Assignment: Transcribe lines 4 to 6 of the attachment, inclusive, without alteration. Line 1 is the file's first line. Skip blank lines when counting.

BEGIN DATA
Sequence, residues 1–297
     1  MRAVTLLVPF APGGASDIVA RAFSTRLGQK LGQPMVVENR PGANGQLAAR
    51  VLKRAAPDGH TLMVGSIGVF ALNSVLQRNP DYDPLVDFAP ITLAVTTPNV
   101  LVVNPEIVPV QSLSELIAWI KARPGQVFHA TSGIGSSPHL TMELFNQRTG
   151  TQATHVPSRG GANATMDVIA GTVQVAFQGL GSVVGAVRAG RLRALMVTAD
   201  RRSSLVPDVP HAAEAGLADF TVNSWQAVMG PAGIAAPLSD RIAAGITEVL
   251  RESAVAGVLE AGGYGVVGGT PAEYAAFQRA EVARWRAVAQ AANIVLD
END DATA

   101  LVVNPEIVPV QSLSELIAWI KARPGQVFHA TSGIGSSPHL TMELFNQRTG
   151  TQATHVPSRG GANATMDVIA GTVQVAFQGL GSVVGAVRAG RLRALMVTAD
   201  RRSSLVPDVP HAAEAGLADF TVNSWQAVMG PAGIAAPLSD RIAAGITEVL